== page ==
Crowd work isn’t easy, but on top of that neither are the topics that the special focuses on. Friedlander explains, “I am satirizing the United States, its government and attitude and human rights violations… These are things that are important to me and important for me to talk about and make jokes about.” The special is political from beginning to end. Originally, Friedlander thought of adding one-liners that were not part of the theme of the special, but in the end thought, “I have 90 minutes that is all thematic, I don’t need a warm up here.”
For a special that is highly political, there is barely a mention of Trump. “There is one joke where I mention Trump… maybe three minutes total,” Friedlander noted. “I am very anti-Trump… but all these issues we have, he did not invent any of these things, we had all these problems. They are certainly worse under him, but not exclusive to him. These are United States issues and some world issues.” It’s easy for many comedians to obsess over Trump’s orange skin or his little hands, but Friedlander chooses to barely mention any specific politicians at all.
Friedlander jokes about a set he filmed before he decided to only film in the iconic Comedy Cellar. At this other venue, during a set just after the election, two members of the crowd got into a fight. “A middle aged woman who was a Hillary supporter got into a fight with a young woman who was a Trump supporter,” he simply stated, “I had to diffuse that situation.”
Regarding his choice to film in black and white, Friedlander said stand up is a “simple art form and should be filmed in a simple way. You look at the president and our country, it’s so narcissistic, so showy, so overproduced. I did the opposite.”
While Friedlander has a very calm and even nonchalant demeanor while talking about the making of the special, the amount of work at every step is staggering. With an act that changes every night and hours upon hours of footage, Friedlander adopted a very hands-on approach. He explained, “Filmmaking is collaborative art, but there is no reason for a comedy special to have 100 people working on it… It’s not like a feature film with 150 locations. The lighting is already done at the club.” Friedlander would set up one or two little cameras. Some nights he would have one to three camera people, who he would direct on framing. On other nights, it would just be the single camera without an operator. Friedlander laughs about times he filmed great stuff, but the wait staff stood right in front of the camera for the whole set, making it entirely unusable. “This is low-budget filmmaking.”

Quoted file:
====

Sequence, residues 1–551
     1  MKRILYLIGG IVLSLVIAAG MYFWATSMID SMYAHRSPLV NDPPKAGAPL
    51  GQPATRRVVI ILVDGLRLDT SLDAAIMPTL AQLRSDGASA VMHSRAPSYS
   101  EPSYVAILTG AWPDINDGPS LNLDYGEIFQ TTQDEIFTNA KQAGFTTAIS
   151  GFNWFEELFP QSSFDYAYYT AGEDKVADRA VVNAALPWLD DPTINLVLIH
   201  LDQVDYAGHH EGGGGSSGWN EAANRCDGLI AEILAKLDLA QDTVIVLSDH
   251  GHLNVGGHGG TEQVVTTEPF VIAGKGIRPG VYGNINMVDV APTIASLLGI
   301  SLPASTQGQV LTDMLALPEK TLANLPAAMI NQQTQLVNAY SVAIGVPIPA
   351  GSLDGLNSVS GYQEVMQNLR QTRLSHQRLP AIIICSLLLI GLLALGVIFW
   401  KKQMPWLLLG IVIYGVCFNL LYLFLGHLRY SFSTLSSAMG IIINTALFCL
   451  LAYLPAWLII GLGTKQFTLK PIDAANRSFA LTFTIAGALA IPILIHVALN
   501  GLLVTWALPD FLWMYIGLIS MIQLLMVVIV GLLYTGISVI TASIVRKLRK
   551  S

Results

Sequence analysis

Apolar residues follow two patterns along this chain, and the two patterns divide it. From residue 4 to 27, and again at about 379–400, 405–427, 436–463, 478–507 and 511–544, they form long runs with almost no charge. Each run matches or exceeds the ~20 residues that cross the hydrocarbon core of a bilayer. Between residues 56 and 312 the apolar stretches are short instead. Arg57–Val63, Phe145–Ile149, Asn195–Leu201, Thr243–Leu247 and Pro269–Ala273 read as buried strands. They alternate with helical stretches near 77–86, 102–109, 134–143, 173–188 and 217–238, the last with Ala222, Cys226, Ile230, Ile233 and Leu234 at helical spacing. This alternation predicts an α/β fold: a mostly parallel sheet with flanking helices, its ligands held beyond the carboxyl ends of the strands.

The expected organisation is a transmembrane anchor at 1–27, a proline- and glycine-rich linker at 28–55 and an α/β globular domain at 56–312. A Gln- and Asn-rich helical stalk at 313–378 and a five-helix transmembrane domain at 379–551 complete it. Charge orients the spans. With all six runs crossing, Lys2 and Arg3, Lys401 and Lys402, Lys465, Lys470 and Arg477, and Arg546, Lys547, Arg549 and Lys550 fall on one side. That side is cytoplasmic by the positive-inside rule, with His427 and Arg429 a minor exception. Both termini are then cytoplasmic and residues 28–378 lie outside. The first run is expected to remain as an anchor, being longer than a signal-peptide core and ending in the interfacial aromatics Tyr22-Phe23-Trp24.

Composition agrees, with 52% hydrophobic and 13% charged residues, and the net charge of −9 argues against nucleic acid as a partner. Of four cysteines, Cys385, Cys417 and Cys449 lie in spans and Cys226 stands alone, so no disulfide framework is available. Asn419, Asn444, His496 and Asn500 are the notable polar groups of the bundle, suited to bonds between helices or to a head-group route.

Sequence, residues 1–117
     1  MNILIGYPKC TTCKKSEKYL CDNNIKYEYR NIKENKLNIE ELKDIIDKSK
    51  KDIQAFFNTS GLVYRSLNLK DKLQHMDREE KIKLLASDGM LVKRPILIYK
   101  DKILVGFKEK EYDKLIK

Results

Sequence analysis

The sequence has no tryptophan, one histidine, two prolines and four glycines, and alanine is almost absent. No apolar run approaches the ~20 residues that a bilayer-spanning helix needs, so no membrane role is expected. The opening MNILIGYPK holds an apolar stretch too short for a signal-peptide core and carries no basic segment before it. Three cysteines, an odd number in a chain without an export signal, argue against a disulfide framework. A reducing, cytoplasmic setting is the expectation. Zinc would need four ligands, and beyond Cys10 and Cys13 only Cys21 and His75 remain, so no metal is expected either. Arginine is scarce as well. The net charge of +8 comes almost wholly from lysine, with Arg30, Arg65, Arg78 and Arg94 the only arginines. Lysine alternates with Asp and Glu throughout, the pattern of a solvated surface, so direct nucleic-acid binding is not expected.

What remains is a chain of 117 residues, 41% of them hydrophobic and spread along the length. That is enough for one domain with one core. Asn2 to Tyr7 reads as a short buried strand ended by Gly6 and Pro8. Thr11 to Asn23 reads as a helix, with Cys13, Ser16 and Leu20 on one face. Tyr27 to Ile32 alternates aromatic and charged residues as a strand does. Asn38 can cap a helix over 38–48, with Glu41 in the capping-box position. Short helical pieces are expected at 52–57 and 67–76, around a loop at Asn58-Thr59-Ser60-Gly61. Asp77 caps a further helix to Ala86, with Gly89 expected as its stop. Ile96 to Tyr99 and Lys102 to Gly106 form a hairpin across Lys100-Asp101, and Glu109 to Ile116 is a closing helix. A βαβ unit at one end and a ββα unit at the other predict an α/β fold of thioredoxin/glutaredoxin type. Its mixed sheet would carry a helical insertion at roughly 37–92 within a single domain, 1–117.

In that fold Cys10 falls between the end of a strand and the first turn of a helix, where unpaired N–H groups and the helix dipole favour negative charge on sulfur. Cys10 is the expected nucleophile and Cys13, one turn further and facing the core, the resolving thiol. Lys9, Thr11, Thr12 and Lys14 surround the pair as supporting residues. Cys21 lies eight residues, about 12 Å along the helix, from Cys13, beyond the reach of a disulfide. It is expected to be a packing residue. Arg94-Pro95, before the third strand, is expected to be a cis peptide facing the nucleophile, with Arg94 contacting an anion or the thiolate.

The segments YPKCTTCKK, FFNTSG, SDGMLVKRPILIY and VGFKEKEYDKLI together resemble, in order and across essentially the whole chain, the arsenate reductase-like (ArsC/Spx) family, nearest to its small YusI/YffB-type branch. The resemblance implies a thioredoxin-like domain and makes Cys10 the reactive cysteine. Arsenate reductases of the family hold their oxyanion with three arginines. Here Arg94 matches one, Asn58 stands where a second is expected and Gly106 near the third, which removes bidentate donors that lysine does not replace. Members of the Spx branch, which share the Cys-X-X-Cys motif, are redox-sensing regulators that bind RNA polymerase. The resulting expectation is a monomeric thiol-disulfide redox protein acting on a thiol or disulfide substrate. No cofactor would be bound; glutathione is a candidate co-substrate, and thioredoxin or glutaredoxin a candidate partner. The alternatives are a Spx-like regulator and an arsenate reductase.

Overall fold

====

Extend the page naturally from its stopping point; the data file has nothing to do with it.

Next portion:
While doing everything yourself keeps costs down, it seems like it’s about more than just that for Friedlander. From the beginning of this project he’s been an editor, a director, and even cinematographer. “I decided a few years ago I was gonna make my own special and it took about a year to figure out what camera angles I liked. I did editing when I was a kid and in my 20s, but I’m old so I never learned editing on computers. Editing is the same whether it’s on computers or not. Where you make cuts is the same, just the technology is different.”
Friedlander ended up hiring editors that knew computers, then telling them where to cut and splice. Friedlander himself admitted, “I probably only watched about 20 percent of the shows that I filmed.” He elaborated, “there’s not enough time to look at everything…. I am too much of a perfectionist… after a while, it was like, ‘This was a good night, let’s get ten minutes of this night.”
Friedlander is a workhorse. “I am constantly working, 24/7. I’m constantly working on it, thinking about it,” he said, “I have some OCD and depression issues also. When you are sitting alone just watching clips of yourself it can can sort of glom on to that depression and then the OCD… how do you do it?”
America is the Greatest Country in the United States is funny and different and impressive, but more than that it is a testament to making something personal and making it yourself. “In general,” Friedlander said, “I don’t like how other comedy specials are filmed so I had to make it on my own and learn how to make it on my own.” He paused. “And I did the best I could.”